Image: ANA Studio NZ
PhD in Economics (2014)
Dr Patrick Carvalho is an Economic Adviser at the Reserve Bank of New Zealand. He has extensive international experience in public policy across academia, public organisations and the private sector, having worked as:
A Research Fellow at the New Zealand Initiative (New Zealand).
Director at The MacroDyn Group (USA).
A Research Fellow at the Centre for Independent Studies (Australia).
A Lecturer at the ANU College of Business and Economics (Australia).
Head of the Economic Studies Divisions at FIRJAN (Brazil).
Patrick holds a Bachelor of Law degree from Rio de Janeiro’s State University, a Masters in Political Science from the University of Wollongong and a PhD in Economics from The Australian National University.
Patrick’s responses to questions from CBE students:
Can you tell us about your career path and what led you to the role you're in today?
My career path was not always a straightforward discovery process, yet a purposeful one: at its core, a deep longing to forge the right balance between intellectual passion and craftsmanship. At times, this was not the easiest route but one that I am proud and happy about. Today I am grateful to work in an organisation that rewards my multidisciplinary background and diligent work ethics.
How did your PhD and teaching experience at CBE benefit your career?
Getting my PhD and teaching experience from a first-rate academic institution was key to advance my career. It nurtured a solid training in quantitative and qualitative research methods rooted in a free-thinking environment. At the same time, CBE's seal of excellence provided me with the right signalling to potential employers in Australia and overseas.
You have worked in academia, public organisations and the private sector. What do you think are the top three differences between them?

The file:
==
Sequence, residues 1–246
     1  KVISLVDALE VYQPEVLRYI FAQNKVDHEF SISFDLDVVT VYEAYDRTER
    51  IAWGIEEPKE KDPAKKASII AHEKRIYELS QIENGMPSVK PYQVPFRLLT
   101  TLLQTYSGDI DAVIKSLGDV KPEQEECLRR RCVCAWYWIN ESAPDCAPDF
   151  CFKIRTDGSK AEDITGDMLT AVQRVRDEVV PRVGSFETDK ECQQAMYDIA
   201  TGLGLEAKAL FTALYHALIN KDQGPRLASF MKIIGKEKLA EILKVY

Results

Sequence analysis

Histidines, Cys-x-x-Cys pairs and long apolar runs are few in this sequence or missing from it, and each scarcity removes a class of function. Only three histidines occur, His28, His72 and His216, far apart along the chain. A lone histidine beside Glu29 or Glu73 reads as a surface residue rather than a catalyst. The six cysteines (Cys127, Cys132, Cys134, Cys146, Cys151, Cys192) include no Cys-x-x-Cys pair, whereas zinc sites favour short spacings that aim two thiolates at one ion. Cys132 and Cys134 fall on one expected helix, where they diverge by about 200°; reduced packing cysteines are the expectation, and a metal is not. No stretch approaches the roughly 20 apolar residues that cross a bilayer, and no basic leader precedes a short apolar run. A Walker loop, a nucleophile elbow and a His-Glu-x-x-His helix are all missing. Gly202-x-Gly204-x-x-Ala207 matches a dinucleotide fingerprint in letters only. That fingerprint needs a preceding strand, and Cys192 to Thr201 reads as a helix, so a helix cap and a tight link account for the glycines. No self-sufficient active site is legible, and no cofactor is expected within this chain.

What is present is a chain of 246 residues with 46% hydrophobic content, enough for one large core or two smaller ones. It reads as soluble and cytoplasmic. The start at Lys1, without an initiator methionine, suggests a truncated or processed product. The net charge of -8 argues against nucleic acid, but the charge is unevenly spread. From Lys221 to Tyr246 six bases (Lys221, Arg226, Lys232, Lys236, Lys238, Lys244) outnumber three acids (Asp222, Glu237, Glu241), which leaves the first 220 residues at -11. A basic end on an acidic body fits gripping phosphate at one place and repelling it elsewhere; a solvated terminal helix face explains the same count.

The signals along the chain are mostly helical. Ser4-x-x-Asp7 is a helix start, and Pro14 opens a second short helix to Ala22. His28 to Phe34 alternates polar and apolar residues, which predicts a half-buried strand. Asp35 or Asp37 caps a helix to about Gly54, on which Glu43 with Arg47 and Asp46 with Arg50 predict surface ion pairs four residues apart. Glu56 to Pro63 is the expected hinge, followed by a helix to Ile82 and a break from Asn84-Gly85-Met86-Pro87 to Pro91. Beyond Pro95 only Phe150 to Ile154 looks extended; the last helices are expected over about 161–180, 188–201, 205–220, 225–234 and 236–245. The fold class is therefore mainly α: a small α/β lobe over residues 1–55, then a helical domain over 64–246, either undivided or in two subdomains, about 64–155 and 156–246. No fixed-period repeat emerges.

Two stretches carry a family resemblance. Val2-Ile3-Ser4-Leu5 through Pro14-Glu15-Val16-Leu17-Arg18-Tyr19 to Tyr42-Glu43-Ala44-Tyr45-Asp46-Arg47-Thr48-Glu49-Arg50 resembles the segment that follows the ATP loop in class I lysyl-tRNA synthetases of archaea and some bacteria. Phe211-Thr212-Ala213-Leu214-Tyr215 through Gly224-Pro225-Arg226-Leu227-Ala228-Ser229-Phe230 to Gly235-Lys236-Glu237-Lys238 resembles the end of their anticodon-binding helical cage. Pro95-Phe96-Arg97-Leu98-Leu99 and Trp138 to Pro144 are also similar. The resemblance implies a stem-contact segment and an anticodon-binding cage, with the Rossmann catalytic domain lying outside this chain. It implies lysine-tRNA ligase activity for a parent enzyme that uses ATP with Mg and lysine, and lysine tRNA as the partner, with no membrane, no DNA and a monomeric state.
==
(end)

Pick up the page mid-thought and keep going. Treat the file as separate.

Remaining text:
Life in academia has a different time zone, almost glacial, where the pursuit of perfection always comes first and deadlines are not so deadly. In the private sector, risk appetite and work pressure are highest in order albeit with good financial returns: deadlines are paramount, even if that turns squaring the circle a daily routine. Public organisations provide the stability to do a good job, and most importantly, you have the opportunity to deliver a real and lasting positive impact on people's lives.
Given your experience across several countries and cultures, could you list three pivotal career lessons you have learnt so far?
- Work ethics comes before talent.
- Flexibility is key.
- Perfecting your craft is a lifelong journey.
Could you please describe a typical day as an Economic Adviser at the central bank of a nation? How do you manage to continue your research interest at the same time?
I love my job at the Reserve Bank of New Zealand: flexible, challenging and intellectually rewarding. My typical day at the RBNZ starts with substantial reading on the latest developments in national and global affairs, complemented by meetings and emails. On a regular basis, I am usually tasked with topical projects pertaining to macroprudential regulation and other central bank matters around the financial system stability.
What are some advantages and challenges for PhD/MPhil graduates who wish to pursue an industry or public sector career?
A typical PhD/MPhil graduate has a competitive advantage in formal research training and experience in intellectual problem-solving. However, during the graduate course, the student usually has to let go relevant professional experience. My two-cent advice is: make sure the opportunity cost of the time away from the labour force is well compensated by gaining a solid state-of-the-art research training.
What are your tips for a successful industry or public sector job application and interview?
Prepare, prepare, prepare. Job hunting is a full-time job, which requires dedication and diligence — as well as a good amount of patience.